PlayerTrack 2005 Top 10 ShortStops

1. Felipe Lopez:  We start out immediately with some controversy.  But, you cannot argue that this soon-to-be 26 year old tore up the 2005 season.  His 2004 was the definition of "lackluster" — especially his 81 strikeouts in about 250 ABs.

However, in 2005, Lopez figured it all out.  He struck out 111 times in more than double the ABs.  Conclusion: he has figured out how to connect.

Lopez’ PlayerTrack rankings (among 50 2005 MLB SS): BA(9/50) RBI(7/50) R(5/50) HR(4/50) SB(14/50)

I believe that Lopez will still be a Top 5 Fantasy SS in 2006.  Gregg (a diehard Reds fan, even) has his doubts.

2. Derek Jeter:  Not much needs to be said here.  He is the Mr. Consistency of Shortstops.  Both Gregg and I feel that he will provide you with the same kind of value in 2006, and he is an excellent pick.

Jeter’s PlayerTrack rankings (among 50 2005 MLB SS): BA(3/50) RBI(21/50) R(2/50) HR(12/50) SB(17/50)

3. Clint Barmes:  The forgotten shortstop.  Don’t forget about him.  For the first six weeks of 2005, Barmes hovered in the .400 BA range.  In June, a deer meat incident cost him most of the remainder of the season.

I have seen fantasy baseball pundits focus on a "bad second half."  Does the month of September count as a second half?  Go ahead and reiterate the feelings of the alleged pundits to your fellow league members.  Let them make fun of you when you pick Barmes as your shortstop.  Let Barmes’ hitting (in Coors Field, of course) do all the talking back for you.

Barmes’ PlayerTrack rankings: BA(11/50) RBI(8/50) R(6/50) HR(11/50) SB(20/50)

4. Michael Young:  Arguably the cream of the crop (Gregg’s favorite shortstop).  He had the top OPS among all SS in 2005, and his batting average and on base percentage numbers were just stellar.

He will continue to do the same.  His SB and RBI numbers are what drop him down below the first three.  Still, the fact that he played a whole season has to have you looking more strongly at him than, say, Barmes.

Barmes is tons of potential, provided he stays away from deer meat.  Young is a proven stud.

Young’s PlayerTrack rankings: BA(1/50) RBI(9/50) R(4/50) HR(5/50) SB(39/50)

5. Bill Hall:  I have, rightfully, been accused by BaseballGeeks podcast listeners of having fallen in love with this guy.  He qualifies at 2B, SS, and 3B… AND he appears in the PlayerTrack top 10 of each of those positional lists.

Chase Utley had his magic year last year at 26.  I think Hall, who will be 26 this season, will fit that same bill.  Power, speed, decent average… this guy has it all.  If word doesn’t get out about this guy, he just might be the steal of the draft at a very cheap price at the end of the draft.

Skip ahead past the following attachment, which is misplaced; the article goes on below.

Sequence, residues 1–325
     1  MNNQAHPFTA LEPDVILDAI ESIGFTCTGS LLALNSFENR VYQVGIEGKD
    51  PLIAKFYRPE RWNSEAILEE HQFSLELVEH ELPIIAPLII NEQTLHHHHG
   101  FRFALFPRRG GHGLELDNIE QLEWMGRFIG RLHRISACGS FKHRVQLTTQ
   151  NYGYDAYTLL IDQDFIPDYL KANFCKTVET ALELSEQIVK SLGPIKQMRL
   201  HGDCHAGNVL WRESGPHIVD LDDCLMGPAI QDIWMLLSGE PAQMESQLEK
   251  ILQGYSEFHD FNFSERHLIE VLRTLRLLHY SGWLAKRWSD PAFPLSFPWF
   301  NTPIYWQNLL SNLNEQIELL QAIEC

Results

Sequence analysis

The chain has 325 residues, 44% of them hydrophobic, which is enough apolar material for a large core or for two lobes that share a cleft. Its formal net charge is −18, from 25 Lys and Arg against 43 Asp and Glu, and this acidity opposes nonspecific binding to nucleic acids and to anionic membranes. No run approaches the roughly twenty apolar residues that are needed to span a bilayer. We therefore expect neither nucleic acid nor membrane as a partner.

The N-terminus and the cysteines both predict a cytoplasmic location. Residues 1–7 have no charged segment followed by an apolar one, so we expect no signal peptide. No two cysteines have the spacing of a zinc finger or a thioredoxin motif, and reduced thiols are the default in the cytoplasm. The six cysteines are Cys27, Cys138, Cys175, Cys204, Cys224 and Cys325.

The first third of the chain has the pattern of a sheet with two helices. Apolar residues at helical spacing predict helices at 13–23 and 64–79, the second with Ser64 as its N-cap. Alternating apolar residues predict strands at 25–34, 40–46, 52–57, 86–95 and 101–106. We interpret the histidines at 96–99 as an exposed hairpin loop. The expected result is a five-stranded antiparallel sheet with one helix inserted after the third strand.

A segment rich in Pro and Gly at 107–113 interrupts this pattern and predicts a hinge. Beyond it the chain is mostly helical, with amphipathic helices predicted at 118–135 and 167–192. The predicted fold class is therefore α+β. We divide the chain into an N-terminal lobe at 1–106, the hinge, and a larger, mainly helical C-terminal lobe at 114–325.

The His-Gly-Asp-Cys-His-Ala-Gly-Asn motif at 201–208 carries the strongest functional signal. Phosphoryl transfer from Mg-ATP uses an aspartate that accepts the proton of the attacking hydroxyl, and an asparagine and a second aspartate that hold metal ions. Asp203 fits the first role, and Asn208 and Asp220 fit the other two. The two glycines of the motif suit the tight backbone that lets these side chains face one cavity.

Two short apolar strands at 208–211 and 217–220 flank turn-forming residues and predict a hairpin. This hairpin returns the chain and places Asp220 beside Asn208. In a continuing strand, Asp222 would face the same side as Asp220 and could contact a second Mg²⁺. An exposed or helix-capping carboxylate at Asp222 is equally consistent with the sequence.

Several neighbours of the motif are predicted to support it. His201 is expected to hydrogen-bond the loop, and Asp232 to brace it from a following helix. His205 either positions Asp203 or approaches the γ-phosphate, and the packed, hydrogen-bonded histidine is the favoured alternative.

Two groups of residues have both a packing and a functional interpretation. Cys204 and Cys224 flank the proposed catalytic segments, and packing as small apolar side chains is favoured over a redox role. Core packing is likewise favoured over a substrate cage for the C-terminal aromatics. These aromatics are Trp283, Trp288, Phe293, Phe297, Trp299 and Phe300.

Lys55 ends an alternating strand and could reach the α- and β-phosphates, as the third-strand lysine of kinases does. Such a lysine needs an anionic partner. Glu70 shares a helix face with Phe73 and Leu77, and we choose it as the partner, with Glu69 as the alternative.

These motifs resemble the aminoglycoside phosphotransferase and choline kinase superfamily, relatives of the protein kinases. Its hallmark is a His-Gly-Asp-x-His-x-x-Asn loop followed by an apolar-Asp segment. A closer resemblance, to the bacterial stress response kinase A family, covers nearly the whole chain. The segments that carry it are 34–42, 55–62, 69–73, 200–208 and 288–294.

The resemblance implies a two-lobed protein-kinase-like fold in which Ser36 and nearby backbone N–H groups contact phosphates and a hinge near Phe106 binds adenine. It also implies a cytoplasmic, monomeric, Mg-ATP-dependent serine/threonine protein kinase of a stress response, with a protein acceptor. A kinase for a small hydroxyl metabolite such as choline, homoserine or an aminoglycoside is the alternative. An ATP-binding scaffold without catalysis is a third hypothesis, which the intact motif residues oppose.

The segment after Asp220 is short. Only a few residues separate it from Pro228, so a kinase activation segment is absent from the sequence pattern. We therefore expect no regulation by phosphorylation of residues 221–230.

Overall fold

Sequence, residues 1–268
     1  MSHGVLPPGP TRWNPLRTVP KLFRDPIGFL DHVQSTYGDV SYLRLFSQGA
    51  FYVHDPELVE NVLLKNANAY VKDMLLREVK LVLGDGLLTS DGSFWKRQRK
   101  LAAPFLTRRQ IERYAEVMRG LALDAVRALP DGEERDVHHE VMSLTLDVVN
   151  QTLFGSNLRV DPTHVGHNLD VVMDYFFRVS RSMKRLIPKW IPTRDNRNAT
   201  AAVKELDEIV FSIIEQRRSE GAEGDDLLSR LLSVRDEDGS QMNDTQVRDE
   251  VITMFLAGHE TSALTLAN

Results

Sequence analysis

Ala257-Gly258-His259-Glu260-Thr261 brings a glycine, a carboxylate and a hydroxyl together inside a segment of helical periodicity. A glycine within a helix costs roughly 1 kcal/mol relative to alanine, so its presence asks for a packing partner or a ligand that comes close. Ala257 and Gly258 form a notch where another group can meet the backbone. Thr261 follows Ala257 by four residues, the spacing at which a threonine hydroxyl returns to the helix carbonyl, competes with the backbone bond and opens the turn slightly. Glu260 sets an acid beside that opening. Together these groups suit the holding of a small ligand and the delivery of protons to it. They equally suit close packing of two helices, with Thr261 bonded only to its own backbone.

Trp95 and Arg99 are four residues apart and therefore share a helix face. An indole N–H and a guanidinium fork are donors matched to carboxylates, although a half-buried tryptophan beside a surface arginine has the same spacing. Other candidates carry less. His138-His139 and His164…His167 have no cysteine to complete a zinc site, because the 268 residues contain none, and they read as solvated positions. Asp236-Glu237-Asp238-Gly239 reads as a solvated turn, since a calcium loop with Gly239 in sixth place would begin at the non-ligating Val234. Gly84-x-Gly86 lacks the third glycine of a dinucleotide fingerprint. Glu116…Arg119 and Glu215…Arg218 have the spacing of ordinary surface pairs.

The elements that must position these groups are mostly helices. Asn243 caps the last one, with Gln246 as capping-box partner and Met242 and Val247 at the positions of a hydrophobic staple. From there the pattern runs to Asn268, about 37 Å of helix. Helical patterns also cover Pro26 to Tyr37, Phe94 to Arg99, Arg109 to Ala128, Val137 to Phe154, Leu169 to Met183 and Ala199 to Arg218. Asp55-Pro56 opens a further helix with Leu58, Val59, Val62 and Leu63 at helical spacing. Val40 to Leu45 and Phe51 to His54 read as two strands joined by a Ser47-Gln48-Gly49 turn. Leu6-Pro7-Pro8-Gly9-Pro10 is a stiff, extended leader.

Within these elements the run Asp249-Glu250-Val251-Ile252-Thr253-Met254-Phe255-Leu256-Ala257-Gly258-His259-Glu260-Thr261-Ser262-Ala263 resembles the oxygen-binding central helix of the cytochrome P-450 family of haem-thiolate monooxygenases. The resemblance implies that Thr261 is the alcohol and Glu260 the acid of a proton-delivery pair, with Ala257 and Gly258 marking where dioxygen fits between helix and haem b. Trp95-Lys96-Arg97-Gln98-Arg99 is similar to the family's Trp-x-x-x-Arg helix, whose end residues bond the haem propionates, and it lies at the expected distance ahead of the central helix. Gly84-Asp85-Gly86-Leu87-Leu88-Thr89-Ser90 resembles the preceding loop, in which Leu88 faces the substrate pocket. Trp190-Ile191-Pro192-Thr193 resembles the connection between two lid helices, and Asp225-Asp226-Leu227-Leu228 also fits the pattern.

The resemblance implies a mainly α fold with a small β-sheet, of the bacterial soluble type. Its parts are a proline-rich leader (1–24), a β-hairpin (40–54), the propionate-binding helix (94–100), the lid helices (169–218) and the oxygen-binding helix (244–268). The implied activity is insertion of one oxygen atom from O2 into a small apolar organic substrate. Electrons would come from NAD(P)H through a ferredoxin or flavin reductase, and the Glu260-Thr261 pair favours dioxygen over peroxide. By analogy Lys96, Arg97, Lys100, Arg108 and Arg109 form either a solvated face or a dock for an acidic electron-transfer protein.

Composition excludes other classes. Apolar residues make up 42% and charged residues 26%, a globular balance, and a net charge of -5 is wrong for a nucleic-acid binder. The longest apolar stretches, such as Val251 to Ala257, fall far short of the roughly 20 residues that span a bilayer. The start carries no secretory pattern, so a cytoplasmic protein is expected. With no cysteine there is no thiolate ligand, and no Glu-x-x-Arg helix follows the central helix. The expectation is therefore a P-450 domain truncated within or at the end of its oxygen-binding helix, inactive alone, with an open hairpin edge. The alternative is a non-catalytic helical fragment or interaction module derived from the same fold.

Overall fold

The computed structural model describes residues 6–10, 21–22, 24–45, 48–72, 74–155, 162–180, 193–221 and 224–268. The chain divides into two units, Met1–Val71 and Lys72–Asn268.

Hall’s 2005 PlayerTrack rankings at SS: BA(8/50) RBI(14/50) R(19/50) HR(7/50) SB(11/50)

6. Miguel Tejada:  Oh, how the mighty have fallen.  Still, he has great numbers… he just isn’t the same Tejada we knew three years ago.  He is only 30 years old, although he seems to be much older, based upon how long he has been hyped up in fantasy.

A logical, experienced choice, without the upside.  I think he is on the downside of the career bell curve.  Add to the fact that he seems very unhappy in Baltimore, and I think I am going to avoid him this year.

Tejada’s 2005 rankings: BA(4/50) RBI(3/50) R(17/50) HR(2/50) SB(38/50)

7. Jhonny Peralta: A definition of slugger.  He didn’t run last year (0 SBs with 2 CS), but Gregg seems to think that he has some untapped speed.  Second best OPS among 2005 shortstops, he is definitely a guy to look at.

Peralta’s 2005 Rankings at SS: BA(7/50) RBI(5/50) R(9/50) HR(1/50) SB(44/50)

8/9.  Rafael Furcal and Jimmy Rollins:  These guys were virtually identical fantasy studs last year.  The SS position is a great position to solidify your steals, and these are two guys who give you enough balance across the board to be extremely valuable to any fantasy team

Furcal’s rankings at SS: BA(12/50) RBI(31/50) R(8/50) HR(21/50) SB(2/50)

Rollins’ rankings at SS: BA(10/50) RBI(37/50) R(3/50) HR(23/50) SB(4/50)

10. Rich Aurilia:  Rich who, you ask?  Well, it isn’t the same Aurilia of old, but he did most definitely beat out the remaining SS from 2005, based upon his "averaged out" numbers were he to have played an entire season.His RBI, R, and HR numbers, in limited playing time, were among the best of last year’s crop of SS.

My personal opinion is that I don’t expect this resurgence to continue.  I would probably avoid him this year… but, if he has a similar year with more playing time, your fantasy team would be well-served.

Aurilia’s 2005 PlayerTrack rankings at SS: BA(14/50) RBI(2/50) R(13/50) HR(10/50) SB(42/50)

There’s the PlayerTrack Top 10 for 205.  Who was missed?  Who on this list was ranked too high?  Who should, instead, be in the Top 10?  Gregg and I address this further in BaseballGeeks PodCast #4.




  1. eric

    wow. I think you’re nuts.

    Fantasy wise, Young has to be up at #1, now if you’re taking fielding range into account, perhaps not. Or I guess if you go by value as compared to when they’ll be drafted he could maybe be up there, but purely on the numbers my list looks like this:

    1. Young

    2. Tejada

    3. Rollins

    4. Jeter

    5. Peralta/Furcal depending on format and power/speed needs of team

    I might even have Lugo above Lopez.

    -the cheap seats

  2. Rob

    Remember: these are rankings from LAST season. The numbers don’t lie.

    My ideology regarding fantasy players is detailed at , but the long and short of it is: balance across the board is key and past, recent success is a key indicator oif current success.

    Lopez is only 25 years old.

    Look at Lopez’ numbers… extremely comparable to Young’s power numbers. What sets Lopez over the line is that his BA won’t kill you and he gets a ton more SBs than Young.

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